5. Equipment lists are limited but have significant choices. (Honestly, #1 reason I haven't played Starfinder yet is the equipment lists. Shopping is the least fun part of the game for me.)
6. Monster stat blocks are really easy and show me exactly what I need to run them without lots of unnecessary detail.
Maybe less awesome - but mostly rough edges on the awesome stuff:
1. Ancestry feats make me want 2 at first level.
2. Classes still have lots of hard-coded first level abilities, some of which seem they could be part of hte feat system. (Why are all fighters heavy armor / exotic weapon proficient, rather than throwing those on the fighter feat list and giving an extra 1st level fighter feat pick, eg? Why are all rogues finesse rogues?)
3. Shield system will take some getting used to.
4. Skills - having so many specific actions gated behind feats seems unnecessarily restrictive. Also, would like crit-failure conditions to be more vague/open-ended in a lot of cases -- or for the ones provided to be more explicitly "examples".
1: Actuon economy
2: Singleclass plus Multiclass feats
3: Proficiency -2-+3
4: Scaling damage.
5: Shield Action/Reaction
2: Limited combat Sykes is gated feats. Dual slice for Rogue
3. Sorcerer feats and forced bloodline selections.
4: Scaling damage being tied to magic weapons. IMO just tie it to levels 4/8/12/16/20.
1: Add variant rules for bounded is no +level pathfinder in rule book and values oarenthesised in bestiary. Needs offial support, it’ll be the most common house rule IMO.
2: Untether extra weapon dice from magic weapons. Make it automatic at 4/8/12/16/20th level.
3: Magic shields. Allow +1/2/3/4/5 magic shields. Does not affect AC bonus, but instead increases DR and number of dents.
4: Sorcerer feats. Remove the 6th and 10th level bloodline powers, possibly the 1st as well. Make them class feats.
5: General feat list. Make the basic low level basic combat style feats and basic metamagic feats non class gated.
|1 person marked this as a favorite.|
There's very little I outright dislike about this system, but some of the highlights for me are as follows:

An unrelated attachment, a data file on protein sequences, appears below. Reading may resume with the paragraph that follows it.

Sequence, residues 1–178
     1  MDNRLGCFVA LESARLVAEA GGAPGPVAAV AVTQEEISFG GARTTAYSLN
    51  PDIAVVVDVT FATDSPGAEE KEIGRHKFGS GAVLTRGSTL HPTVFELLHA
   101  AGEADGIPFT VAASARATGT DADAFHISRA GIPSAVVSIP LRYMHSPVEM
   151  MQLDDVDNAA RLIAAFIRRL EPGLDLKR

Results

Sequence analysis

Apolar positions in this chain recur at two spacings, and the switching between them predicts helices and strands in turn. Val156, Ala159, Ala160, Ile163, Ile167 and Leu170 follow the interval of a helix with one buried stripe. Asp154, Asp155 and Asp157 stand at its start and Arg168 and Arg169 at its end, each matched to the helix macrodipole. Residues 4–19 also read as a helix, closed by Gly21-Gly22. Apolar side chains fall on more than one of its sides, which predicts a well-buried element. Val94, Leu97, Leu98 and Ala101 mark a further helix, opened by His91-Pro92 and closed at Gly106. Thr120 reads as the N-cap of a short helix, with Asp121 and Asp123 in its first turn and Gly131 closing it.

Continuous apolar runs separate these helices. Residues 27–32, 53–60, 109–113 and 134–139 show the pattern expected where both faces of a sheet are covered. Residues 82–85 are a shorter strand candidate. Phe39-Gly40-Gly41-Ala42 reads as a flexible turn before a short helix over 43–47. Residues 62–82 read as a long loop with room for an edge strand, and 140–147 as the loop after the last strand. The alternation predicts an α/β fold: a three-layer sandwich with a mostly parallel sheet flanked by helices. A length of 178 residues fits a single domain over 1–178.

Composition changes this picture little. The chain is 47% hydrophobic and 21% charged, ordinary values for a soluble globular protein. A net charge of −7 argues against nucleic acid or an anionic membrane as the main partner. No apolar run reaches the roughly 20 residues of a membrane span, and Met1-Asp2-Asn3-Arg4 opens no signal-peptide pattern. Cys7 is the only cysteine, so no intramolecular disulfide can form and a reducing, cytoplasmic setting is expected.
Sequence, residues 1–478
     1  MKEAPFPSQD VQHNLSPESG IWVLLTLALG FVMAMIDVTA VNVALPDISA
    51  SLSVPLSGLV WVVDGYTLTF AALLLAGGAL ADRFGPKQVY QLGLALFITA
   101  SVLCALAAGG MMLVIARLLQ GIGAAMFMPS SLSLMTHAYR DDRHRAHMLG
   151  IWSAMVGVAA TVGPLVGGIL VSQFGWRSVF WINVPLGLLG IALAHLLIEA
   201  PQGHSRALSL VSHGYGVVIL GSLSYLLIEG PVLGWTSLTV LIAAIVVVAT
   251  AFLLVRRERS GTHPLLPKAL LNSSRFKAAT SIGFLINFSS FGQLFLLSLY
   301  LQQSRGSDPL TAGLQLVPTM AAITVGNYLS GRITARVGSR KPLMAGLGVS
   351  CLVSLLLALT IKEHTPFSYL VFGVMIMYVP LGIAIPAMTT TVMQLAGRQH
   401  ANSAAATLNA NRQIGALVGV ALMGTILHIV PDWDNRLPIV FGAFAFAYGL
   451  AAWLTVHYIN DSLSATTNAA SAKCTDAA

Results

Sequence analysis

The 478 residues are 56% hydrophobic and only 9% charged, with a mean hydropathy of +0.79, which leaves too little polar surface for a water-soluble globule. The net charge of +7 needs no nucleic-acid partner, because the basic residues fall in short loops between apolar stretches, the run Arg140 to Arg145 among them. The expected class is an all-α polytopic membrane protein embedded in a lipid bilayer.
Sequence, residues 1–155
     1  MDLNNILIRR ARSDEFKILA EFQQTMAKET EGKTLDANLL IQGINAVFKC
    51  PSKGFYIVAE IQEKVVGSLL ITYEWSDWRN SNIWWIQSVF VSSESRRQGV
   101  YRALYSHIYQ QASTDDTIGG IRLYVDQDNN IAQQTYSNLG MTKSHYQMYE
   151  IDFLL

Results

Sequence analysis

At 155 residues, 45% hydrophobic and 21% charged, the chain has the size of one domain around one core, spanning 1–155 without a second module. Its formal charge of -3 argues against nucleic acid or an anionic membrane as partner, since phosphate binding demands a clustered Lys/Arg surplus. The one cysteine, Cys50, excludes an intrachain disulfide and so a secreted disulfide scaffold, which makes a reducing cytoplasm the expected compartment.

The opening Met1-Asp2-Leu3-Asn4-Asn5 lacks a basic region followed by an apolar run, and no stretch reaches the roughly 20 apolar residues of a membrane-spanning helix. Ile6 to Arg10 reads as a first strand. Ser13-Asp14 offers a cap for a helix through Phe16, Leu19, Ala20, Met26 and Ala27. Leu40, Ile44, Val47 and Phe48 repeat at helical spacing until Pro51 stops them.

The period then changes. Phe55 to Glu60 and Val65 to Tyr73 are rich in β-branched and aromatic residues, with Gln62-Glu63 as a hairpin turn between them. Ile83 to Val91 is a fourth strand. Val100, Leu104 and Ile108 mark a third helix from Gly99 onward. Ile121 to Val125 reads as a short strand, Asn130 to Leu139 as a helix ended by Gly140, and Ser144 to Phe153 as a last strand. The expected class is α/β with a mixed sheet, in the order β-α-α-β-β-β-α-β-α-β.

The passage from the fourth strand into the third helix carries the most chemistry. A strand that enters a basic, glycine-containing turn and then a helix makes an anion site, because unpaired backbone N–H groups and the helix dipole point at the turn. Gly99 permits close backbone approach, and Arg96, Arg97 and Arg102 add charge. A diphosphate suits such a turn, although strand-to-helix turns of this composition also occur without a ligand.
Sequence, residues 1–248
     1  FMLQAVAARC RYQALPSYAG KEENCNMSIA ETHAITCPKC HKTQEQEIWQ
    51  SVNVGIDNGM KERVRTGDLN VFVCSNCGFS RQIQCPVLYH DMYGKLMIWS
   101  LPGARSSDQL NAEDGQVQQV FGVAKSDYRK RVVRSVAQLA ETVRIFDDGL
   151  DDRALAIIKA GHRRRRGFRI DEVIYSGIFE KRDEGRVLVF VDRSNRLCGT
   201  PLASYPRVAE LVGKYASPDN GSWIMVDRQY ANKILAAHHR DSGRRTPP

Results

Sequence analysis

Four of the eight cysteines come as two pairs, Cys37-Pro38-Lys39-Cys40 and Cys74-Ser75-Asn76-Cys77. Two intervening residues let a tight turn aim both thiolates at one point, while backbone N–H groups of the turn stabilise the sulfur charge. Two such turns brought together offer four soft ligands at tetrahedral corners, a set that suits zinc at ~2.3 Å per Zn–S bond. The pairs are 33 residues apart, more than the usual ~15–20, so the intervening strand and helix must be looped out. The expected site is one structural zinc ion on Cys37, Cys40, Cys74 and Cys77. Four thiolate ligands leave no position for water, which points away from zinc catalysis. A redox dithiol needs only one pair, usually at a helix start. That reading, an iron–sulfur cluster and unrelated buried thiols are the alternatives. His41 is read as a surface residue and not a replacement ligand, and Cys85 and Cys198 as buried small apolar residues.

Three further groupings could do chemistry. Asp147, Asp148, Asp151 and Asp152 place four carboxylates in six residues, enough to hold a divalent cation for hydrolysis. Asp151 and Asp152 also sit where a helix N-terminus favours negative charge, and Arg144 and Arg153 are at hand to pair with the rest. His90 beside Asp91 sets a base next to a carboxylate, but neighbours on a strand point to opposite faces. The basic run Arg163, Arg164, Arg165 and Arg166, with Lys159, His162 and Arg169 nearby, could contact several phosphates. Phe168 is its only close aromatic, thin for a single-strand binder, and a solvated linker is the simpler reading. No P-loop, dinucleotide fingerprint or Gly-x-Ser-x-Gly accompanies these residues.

- Action economy
- Save-or-Dies have been mostly removed
- Degrees of success
- Weapons and armor diversified and more choices made viable
- Spellcaster nerfs and martials getting more cool things to do
- Bards are full casters
- HP from ancestry, so characters are a little more durable at 1st level
- Reduction of incentives for minmaxing
- No more big six magic items
- Magic items are a little more unique and cool (all of the elemental weapons do different things on a crit)
- You can upgrade an heirloom weapon instead of throwing it out when you find a magic weapon
- Combat maneuvers are built in to skills
- Silver standard for economy
- Exploration and downtime defined in core rulebook
- Better defined rules for detecting invisible creatures
- Monster weaknesses instead of resistances
- Unique monster actions
That's what I can think of at the moment. Others are welcome to disagree with any of those points.
I think 2e is a solid framework, with a lot of the individual bits layered on that system (most feats, as well as stuff like signature skills, and constrained character options) need to go back to the drawing board.
As such, right now, the only true "Awesome bits" of the system that I can see are the critical system (and mostly only there for Spells and skills, though I suppose it does speed up weapon criticals), and Spell points.
The rest are mostly just solid parts of a solid system (I'm including action economy in this, as I think it's mostly just solid; I'm not as wowed by it as most people are, but I do think it's better than before, with a few issues) or disappointing bits that are mostly layered on top of the base system.